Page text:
Hossa spurns Penguins, signs with Red Wings
Marian Hossa spent much of his four-plus months with the Penguins speaking diplomatically.
That was not the case Wednesday after he signed a one-year contract worth $7.45 million to join the defending Stanley Cup champion Detroit Red Wings.
"I want to have the best chance to win the Stanley Cup," said Hossa, who was acquired by the Penguins in a Feb. 26 trade with Atlanta. "When you look at all the teams I could choose from, at the top there were two teams ... at the end of the day I felt like I would have a better chance to win the Cup with Detroit."
Hossa scored 12 goals and recorded 26 points in the playoffs with the Penguins, whose Cup dreams were denied by the Red Wings in a six-game final.
Two days after that bitter defeat, Hossa said he was willing to take less money to play for a "good team" - sparking speculation he would re-sign with the Penguins.
Nobody associated with the Penguins ever believed he included the Red Wings in that category.
"There wasn't just one team," Hossa said yesterday. "I had a couple in my mind. Pittsburgh and Detroit were two of those teams.
"I just felt, total package, it was better in Detroit."
Penguins general manager Ray Shero acknowledged he was surprised Hossa accepted a one-year deal. Shero knew before noon that Hossa wouldn't return to the Penguins, who had given that deadline to accept their latest offer.
Ultimately, Hossa declined offers of five, six and seven years that would have paid him no less than $7 million and no more than $7.5 million annually.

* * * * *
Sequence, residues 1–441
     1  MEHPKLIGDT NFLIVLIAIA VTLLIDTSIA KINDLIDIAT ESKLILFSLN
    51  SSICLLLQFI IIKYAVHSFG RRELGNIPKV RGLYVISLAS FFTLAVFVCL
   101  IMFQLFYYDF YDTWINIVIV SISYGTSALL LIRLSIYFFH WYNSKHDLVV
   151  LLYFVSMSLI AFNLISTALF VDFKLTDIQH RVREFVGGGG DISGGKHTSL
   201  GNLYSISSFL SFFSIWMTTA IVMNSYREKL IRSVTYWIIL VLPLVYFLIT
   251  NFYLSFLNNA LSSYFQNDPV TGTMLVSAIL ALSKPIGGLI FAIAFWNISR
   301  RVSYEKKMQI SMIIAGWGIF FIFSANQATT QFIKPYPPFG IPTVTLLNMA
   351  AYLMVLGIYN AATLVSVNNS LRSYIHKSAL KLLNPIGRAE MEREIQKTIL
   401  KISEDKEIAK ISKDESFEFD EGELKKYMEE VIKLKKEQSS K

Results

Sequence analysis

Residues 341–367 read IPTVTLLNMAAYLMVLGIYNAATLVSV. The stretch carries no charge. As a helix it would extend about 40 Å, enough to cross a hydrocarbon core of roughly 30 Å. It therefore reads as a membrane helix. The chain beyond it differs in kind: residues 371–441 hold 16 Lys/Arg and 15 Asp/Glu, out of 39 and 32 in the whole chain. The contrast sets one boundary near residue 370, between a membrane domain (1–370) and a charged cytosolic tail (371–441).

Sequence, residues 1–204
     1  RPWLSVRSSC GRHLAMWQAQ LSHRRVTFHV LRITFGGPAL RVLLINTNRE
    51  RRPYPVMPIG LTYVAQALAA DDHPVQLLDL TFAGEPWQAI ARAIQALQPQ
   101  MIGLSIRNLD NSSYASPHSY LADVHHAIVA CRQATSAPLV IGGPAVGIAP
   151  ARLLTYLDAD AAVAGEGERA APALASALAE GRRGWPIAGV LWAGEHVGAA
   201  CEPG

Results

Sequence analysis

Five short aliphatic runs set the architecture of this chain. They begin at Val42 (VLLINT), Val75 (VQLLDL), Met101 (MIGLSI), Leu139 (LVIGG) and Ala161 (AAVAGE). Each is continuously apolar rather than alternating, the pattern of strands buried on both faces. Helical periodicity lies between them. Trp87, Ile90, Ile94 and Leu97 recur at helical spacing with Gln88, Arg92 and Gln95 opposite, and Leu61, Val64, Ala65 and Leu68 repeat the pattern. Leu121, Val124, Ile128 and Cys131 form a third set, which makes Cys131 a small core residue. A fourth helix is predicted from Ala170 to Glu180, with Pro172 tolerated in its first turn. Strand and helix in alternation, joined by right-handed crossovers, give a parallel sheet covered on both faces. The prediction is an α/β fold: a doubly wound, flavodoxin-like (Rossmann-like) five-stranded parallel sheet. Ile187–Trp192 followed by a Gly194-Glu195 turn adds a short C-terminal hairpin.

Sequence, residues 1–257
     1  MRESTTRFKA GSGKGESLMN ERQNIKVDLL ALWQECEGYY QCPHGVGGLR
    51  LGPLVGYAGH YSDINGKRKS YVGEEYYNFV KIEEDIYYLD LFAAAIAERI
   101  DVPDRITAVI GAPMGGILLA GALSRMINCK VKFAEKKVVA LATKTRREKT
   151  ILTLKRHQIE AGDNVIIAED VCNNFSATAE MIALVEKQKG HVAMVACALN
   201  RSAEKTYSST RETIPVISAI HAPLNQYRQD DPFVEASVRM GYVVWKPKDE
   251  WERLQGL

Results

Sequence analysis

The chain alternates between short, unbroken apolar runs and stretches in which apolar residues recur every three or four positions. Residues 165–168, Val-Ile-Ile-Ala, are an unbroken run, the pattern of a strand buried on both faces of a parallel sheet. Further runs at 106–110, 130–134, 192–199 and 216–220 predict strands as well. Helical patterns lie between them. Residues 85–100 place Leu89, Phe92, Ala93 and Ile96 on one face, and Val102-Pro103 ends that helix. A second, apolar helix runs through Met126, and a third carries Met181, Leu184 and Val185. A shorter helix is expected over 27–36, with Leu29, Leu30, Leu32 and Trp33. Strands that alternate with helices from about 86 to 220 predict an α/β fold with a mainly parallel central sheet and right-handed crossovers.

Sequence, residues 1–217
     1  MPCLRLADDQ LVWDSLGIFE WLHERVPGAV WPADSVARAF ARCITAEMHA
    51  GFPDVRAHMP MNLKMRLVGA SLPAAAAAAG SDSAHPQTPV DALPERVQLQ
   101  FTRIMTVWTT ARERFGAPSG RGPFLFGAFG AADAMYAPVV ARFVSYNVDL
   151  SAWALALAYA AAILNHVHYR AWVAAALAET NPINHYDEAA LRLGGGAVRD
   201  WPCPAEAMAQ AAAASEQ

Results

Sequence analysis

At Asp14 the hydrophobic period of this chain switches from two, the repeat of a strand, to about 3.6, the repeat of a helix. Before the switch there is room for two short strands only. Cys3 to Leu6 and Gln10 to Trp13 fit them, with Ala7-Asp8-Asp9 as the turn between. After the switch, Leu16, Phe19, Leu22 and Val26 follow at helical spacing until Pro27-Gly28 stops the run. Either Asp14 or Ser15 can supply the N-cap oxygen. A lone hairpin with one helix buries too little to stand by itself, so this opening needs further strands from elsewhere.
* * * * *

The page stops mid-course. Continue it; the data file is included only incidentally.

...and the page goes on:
"To me, Marian Hossa is not here," Shero said. "I'm focused on the guys we've got coming back."
The Penguins' main guy, captain Sidney Crosby, made numerous phone calls to Hossa yesterday morning attempting to steer him back toward Pittsburgh.
The Penguins ended Tuesday -- the first day of the free-agent signing period - confident Hossa would return.
However, by mid-morning yesterday, Hossa had the leverage of a lavish offer from the Edmonton Oilers ($9 million annually over nine years) and the one-year proposal he ultimately signed with the Red Wings.
Detroit general manager Ken Holland admitted he was "caught off guard" upon learning from Hossa's agent, Ritch Winter, that a one-year deal was possible.
"Shocked was my initial reaction," Holland said. "Marian really made this happen. Marian made this marriage happen by agreeing to a one-year contract."
Hossa said he never discussed a one-year contract with Shero.
The Penguins were not willing to negotiate their best proposal. They had already added two years to their original offer, and they were already down a top scoring-line forward - left wing Ryan Malone, traded Saturday to Tampa Bay.
Shero said they needed yesterday afternoon to "move forward."
Hours after Hossa signed with the Red Wings, the Penguins announced a five-year extension with Hart Trophy runner-up Evgeni Malkin and a new six-year contract with bruising defenseman Brooks Orpik.
They also engaged in negotiations with remaining free-agent forwards.
Shero said the Penguins did not fail to land any targeted free agents by waiting nearly the opening 24 hours of the signing period on Hossa.
"There are certainly some decent options," Shero said. "The goal of a Marian Hossa on the right side - that was a lot of money going to one player. Now we have the possibility of spreading that out a little bit with maybe one or two guys that will give us more depth up front.
"Realistically, we've got guys that have called me and really want to play here. That's my interest."